Rebuilding from Katrina

By Ben Kaufman, Madison Lane, and Nikole Stevens
Layout Editors and Contributing Writer

Early Jan 9, a group of groggy college students and faculty, staff, and administrators began their journey to New Orleans for a week of Hurricane Katrina relief. The trip was a “Service Learning Trip” organized by the Office of Civic Engagement, but it was much more than just building houses or going on vacation. It was a life-changing experience.

Every January and May since 2006, the Hurricane Katrina Recovery Team has traveled to New Orleans for a little over a week to help rebuild. Janice Butler, director of civic engagement and service learning, has organized the trip each year. “While I’ve definitely seen changes in the past five years, a lot of folks continue to struggle, and we owe it to these resilient people to lend a hand,” she said.

Although some past groups have worked with Habitat for Humanity, this January we worked with the St. Bernard Project, which was founded in March 2006 to help victims from the St. Bernard Parish return to their homes and communities. After Hurricane Katrina, 100 percent of the houses were deemed uninhabitable, making it one of the hardest hit areas in Louisiana.

Today, New Orleans still needs our help. “The amount of work still to be done is astounding,” said Eryn Nagel ’12, who first visited New Orleans in June 2007 and returned with us this year. Houses are still in disarray, and entire neighborhoods have been destroyed. It is obvious that some houses have barely been touched since the hurricane hit, some still with the spray-painted “X” on their siding from the initial searches.

We were lucky enough to meet the people of New Orleans and hear their first-hand experiences. The first person we met was Dr. Lopez, who was working at Charity Hospital in the heart of the city. He and his staff stayed in the hospital for five days after the storm to take care of patients. Even when the power went out and they had to rely on manual work, they saved over 200 people. He said that the experience was life-changing and made him remember why he became a doctor. He was very inspirational, and after we heard his story, we went to work more motivated and ready to help.

We then met Paul Perez. Perez’s family was one of thousands that were displaced after the storm. After the St. Bernard Project helped his family get back on its feet, he decided to thank them in the best way he knew how: food. Every month, his family and a small group of other families cook a homemade meal for all of the volunteers working at the time. At this dinner, Perez showed us a slideshow about the “angels” on Earth that have helped him. Seeing pictures of his family before and after the storm, along with the tears of love on his face when the lights came back on, were more thanks than anyone could have asked for.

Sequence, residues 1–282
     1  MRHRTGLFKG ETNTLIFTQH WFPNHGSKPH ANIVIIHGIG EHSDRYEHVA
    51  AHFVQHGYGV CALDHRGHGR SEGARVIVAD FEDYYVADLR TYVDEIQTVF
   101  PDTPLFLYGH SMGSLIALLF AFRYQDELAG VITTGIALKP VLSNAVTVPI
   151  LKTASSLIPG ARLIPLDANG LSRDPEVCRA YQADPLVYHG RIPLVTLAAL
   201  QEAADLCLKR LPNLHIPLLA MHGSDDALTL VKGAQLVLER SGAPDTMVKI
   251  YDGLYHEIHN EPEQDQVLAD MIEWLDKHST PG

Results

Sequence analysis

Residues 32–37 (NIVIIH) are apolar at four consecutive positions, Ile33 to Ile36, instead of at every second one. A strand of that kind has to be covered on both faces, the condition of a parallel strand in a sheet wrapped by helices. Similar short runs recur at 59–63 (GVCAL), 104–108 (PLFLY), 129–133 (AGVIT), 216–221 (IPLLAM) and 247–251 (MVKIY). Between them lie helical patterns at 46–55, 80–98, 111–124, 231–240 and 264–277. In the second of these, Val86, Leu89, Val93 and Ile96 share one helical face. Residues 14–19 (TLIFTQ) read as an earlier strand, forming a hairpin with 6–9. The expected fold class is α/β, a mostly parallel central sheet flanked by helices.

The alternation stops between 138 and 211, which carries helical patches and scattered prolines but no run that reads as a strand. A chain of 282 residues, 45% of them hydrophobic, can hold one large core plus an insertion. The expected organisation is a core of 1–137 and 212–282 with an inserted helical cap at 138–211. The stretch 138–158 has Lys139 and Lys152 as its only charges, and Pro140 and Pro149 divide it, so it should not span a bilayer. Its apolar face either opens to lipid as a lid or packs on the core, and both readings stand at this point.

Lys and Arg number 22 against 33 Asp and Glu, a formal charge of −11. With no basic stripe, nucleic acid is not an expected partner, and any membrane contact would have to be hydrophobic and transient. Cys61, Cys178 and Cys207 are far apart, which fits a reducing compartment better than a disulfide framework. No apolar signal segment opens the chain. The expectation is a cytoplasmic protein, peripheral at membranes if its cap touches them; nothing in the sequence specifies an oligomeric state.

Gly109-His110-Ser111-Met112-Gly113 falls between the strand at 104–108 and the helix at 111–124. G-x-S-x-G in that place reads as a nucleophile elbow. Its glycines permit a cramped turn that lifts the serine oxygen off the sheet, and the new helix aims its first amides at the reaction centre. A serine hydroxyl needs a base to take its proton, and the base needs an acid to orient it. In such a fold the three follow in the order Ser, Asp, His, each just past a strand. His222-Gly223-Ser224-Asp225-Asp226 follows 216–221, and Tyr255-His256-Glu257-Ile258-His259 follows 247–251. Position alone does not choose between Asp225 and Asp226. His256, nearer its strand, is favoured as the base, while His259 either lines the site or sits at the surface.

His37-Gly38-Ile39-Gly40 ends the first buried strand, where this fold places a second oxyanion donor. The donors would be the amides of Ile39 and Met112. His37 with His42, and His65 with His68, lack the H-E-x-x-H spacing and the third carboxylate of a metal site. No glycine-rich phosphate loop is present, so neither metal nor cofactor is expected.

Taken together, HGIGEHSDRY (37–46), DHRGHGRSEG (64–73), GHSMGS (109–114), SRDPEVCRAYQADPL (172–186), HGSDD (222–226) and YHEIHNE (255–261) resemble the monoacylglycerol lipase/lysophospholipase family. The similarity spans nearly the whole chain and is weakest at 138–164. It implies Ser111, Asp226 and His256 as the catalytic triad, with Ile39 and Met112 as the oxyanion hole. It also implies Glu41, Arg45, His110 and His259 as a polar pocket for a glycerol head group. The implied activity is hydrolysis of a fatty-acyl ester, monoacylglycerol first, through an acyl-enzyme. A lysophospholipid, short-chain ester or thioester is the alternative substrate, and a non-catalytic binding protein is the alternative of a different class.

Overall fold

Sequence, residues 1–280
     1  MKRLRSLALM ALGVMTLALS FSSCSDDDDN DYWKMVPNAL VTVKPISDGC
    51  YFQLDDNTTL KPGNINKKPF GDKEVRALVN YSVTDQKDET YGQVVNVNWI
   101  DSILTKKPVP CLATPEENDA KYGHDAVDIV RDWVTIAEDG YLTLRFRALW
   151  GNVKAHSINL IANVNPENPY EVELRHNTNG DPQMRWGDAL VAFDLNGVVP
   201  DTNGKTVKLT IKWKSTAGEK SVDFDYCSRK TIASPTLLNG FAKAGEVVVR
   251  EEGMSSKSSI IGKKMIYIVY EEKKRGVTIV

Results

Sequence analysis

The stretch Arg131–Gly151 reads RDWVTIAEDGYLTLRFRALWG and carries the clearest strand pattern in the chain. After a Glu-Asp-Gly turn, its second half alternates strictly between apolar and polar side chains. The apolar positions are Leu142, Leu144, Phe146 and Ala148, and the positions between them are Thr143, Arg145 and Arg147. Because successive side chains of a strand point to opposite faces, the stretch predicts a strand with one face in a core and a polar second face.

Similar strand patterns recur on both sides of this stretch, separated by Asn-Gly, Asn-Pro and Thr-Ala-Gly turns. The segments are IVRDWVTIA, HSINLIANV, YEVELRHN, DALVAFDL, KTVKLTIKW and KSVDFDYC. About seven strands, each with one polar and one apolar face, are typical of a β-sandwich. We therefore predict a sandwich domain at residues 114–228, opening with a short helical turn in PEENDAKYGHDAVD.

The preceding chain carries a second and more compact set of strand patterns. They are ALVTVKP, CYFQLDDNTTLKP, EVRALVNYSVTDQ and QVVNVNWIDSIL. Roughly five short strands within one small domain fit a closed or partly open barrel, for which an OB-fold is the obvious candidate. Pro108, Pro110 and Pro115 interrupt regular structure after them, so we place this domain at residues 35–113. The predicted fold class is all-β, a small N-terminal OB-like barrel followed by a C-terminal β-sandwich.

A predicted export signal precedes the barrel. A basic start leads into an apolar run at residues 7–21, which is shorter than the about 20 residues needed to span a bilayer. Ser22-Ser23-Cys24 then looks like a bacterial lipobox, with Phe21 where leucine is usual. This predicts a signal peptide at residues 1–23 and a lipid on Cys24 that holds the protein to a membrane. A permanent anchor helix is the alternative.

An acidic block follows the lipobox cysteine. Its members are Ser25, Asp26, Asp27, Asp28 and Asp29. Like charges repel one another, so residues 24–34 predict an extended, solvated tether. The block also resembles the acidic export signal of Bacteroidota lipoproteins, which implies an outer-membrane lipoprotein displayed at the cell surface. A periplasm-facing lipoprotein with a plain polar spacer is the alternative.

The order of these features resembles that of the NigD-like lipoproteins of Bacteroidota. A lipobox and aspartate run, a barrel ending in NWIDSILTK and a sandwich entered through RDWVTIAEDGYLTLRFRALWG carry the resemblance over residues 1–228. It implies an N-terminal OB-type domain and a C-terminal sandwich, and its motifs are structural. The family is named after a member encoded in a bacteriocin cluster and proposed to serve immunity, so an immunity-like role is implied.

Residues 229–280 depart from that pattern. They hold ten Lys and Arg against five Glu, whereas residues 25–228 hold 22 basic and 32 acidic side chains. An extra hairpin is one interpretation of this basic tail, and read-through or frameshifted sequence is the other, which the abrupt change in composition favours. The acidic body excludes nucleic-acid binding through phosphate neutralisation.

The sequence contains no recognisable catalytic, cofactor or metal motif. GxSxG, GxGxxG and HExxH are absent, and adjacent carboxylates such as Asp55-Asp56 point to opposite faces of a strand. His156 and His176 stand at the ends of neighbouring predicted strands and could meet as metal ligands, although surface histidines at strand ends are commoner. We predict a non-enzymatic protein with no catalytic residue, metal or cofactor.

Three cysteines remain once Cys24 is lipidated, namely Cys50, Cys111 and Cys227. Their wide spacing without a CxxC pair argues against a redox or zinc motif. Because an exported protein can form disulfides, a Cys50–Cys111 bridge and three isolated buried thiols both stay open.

Later in the week, we spent a day in Mississippi to learn about the damage there. Most of us had no idea that Mississippi was even hit by Hurricane Katrina, but once we were there the devastation was apparent. Chris Lagarde, former aid to Congressman Gene Taylor, gave us background information about the effect of the storm on his town of Bay St. Louis. In New Orleans homes were damaged by floodwater and remained, but the homes in Mississippi were churned by the storm surge, and the receding waters pulled the debris back into the Gulf of Mexico. Entire homes were missing from their lots of land, even five years later. Not many people realize that Mississippi experienced so much damage, but they are still rebuilding just like New Orleans. After working for the day on a house that Lagarde recently purchased, he showed us true Southern hospitality by inviting us over for a traditional boiled shrimp dinner and a bonfire.

One thing everyone noticed was how positive people are. “I was struck this time by how many people thanked us for not forgetting them and the city,” Provost Mick Smyer said. “There is still so much to do, and New Orleanians are worried that the country and the world have forgotten about them.”

Anyone interested in going on a future trip should visit the Office of Civic Engagement in the lobby of Ellen Clarke Bertrand Library. Donations can be made at Above all, do not forget New Orleans.

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